Commentary: Enduring myth about America's 47 percent

The Charlotte ObserverSeptember 19, 2012 

Mitt Romney's sneer at Americans who don’t pay federal income taxes is dangerously wrong, based on a fallacy that widens an ugly divide in the country he wants to lead. He should stop embracing this mistake.

In videotaped remarks released Monday by the liberal web site Mother Jones, Romney told donors at a Florida fundraiser in May that he had already written off “47 percent of the people” who in his opinion will vote for Obama “no matter what.” Fair enough – political experts agree that each candidate has locked up about that much of the electorate. The fight, experts say, is for a small number of independent voters.

But then Romney described Obama’s 47 percent. They are, he said, people who “pay no income tax” and are “dependent upon government.” They are people “who believe that they are victims, who believe the government has a responsibility to care for them.” To sum it up: “My job is not to worry about these people. I’ll never convince them they should take personal responsibility and care for their lives.”

The comments have since been cheered by conservatives, who see the 47 percent figure as irrefutable evidence that too many Americans want handouts from a government happy to provide them. A closer look, for those willing to take it, tells a vastly different story.

According to the Tax Policy Center, more than 53 percent of American households paid federal income taxes in 2011. The next largest percentage of households, 28.3 percent, paid no federal income tax but did pay the payroll taxes for Social Security and Medicare. That’s more than half of the 47 percent Romney cites.

The reason those Americans are paying payroll taxes? They have jobs. They’re working to pay bills and feed families and move up to a better job. They do not have their palms facing up, ready for the next government handout.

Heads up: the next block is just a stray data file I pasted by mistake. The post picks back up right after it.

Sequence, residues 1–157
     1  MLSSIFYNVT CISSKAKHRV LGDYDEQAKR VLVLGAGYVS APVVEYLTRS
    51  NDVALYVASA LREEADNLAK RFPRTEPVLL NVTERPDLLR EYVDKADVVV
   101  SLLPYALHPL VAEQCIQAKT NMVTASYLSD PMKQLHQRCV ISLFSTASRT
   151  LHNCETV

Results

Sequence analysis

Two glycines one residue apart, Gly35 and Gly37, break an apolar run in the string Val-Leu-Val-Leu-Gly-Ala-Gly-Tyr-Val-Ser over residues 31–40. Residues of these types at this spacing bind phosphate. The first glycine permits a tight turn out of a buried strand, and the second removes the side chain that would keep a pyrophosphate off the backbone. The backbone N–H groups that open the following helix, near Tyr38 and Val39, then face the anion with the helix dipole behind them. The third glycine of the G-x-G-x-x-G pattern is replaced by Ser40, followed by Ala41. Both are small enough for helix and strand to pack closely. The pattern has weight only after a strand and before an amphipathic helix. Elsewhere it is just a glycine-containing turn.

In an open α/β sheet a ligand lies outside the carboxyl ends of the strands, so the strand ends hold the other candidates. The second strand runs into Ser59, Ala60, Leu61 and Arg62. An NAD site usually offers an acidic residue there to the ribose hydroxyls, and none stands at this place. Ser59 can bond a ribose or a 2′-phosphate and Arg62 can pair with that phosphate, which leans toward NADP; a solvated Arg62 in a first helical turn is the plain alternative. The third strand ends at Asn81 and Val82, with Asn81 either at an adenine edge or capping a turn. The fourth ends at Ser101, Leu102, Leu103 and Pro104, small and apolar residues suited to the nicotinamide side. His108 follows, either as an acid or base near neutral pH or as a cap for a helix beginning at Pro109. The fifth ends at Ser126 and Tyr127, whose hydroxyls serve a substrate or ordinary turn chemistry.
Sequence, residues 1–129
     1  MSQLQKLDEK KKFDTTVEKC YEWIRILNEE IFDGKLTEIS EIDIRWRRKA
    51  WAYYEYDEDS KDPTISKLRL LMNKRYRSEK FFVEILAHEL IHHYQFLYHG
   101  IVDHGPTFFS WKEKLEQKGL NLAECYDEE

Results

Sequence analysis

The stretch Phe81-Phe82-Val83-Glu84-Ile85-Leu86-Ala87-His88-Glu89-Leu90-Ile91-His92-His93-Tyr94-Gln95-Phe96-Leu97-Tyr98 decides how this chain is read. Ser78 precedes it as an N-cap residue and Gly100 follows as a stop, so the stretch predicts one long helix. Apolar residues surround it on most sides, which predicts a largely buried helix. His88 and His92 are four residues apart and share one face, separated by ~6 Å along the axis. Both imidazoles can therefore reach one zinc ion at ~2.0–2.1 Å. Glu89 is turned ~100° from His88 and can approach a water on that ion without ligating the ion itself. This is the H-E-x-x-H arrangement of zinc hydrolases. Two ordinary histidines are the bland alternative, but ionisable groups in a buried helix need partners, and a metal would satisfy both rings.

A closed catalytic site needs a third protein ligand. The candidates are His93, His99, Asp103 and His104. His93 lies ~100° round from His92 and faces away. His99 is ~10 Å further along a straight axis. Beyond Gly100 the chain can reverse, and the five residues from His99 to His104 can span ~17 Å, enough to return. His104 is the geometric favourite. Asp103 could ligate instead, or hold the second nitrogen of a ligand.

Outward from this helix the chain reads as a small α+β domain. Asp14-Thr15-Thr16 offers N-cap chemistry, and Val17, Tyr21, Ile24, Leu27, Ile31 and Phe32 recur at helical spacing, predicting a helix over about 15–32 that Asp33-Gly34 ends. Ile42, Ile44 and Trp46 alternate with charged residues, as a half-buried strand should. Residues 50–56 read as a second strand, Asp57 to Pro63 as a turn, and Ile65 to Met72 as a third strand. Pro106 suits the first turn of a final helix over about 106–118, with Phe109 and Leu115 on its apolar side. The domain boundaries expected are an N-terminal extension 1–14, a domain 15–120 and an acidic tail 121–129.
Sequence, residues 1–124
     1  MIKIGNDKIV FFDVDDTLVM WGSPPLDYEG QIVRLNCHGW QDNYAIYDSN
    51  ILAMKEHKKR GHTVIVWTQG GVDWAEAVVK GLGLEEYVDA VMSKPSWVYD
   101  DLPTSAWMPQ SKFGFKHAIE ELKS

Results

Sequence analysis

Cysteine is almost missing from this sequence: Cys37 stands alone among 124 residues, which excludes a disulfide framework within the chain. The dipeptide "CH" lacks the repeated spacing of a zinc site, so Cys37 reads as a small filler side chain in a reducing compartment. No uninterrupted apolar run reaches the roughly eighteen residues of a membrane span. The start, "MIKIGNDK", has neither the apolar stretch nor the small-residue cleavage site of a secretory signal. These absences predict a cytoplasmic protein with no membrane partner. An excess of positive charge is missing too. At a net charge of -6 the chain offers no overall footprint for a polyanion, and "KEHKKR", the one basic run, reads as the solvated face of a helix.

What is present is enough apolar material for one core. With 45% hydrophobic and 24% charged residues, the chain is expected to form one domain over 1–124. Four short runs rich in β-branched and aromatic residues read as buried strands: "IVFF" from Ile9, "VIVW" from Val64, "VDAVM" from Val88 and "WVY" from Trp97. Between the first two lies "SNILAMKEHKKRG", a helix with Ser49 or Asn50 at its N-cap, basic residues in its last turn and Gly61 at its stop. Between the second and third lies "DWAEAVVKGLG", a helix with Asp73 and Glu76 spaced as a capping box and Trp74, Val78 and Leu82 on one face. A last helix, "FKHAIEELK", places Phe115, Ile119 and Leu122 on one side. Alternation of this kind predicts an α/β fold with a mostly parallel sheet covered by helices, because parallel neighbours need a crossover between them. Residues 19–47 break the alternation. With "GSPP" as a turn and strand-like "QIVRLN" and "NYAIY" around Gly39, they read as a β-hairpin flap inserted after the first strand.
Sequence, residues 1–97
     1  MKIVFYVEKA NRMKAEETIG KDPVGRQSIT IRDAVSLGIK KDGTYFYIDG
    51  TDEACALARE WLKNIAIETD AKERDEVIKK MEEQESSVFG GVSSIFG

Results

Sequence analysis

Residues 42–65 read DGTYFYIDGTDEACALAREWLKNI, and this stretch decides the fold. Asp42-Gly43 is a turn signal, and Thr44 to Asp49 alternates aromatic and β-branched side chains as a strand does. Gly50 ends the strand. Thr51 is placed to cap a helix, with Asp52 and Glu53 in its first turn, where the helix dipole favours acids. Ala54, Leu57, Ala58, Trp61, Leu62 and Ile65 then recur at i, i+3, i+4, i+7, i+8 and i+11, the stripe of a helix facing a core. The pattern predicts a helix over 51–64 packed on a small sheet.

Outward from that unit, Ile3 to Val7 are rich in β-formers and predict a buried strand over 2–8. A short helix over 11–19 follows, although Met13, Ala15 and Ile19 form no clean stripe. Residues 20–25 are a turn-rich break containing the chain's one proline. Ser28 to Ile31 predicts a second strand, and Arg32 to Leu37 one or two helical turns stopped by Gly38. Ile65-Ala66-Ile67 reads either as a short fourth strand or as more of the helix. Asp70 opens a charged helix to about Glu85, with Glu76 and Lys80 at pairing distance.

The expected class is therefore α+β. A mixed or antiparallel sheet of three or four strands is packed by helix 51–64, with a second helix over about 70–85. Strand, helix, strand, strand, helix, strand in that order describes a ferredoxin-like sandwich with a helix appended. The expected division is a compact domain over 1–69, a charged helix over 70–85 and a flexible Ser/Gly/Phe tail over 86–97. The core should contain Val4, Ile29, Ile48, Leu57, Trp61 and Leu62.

The reason this 28 percent pays no income taxes? They qualify for tax deductions and exemptions because they make little money and have children. Many of those deductions and exemptions come thanks to the tax cuts championed by President George W. Bush last decade. Romney, by the way, wants to extend those tax benefits.

An additional 10.3 percent of U.S. households pay no federal income taxes because they’re elderly and retired. Many in this group aren’t taxed on their Social Security benefits, which they paid for from wages they earned by years of working. What’s left is 6.9 percent of households, non-elderly and not working, that don’t pay income or payroll taxes. While some in that group may be perfectly happy with joblessness, even the least charitable among us can acknowledge that some of the 6.9 percent includes people trying to find work, people wanting a better life.

It’s possible Romney doesn’t know these figures. Or perhaps he ignored them at that Florida fundraiser, instead breaking out the heavy rhetoric to loosen some wallets. We wonder about the political wisdom of slapping at that 47 percent, given that CNN surveys showed a not-so-insignificant four of 10 people who made $30,000 or less voted Republican in 2010. The remarks also won’t play well with moderates who pay federal income taxes and believe we should care about, not dismiss, the struggles of those who don’t.

Those moderates, unfortunately, are a dwindling group. Studies show Americans following the lead of elected officials and becoming more hostile not only toward opposing political parties, but groups such as immigrants and minorities. In other words, each other. That hostility is fueled by both sides – by demonizing people who might legitimately need government benefits, but also by scorning the affluent who don’t want to contribute their “fair share” of taxes.

Now Mitt Romney waives a dismissive hand at half of America, then defends the remarks as merely “not elegantly stated.” They were more than that. They were untrue. And sadly, they fed our growing appetite to believe the worst in each other.

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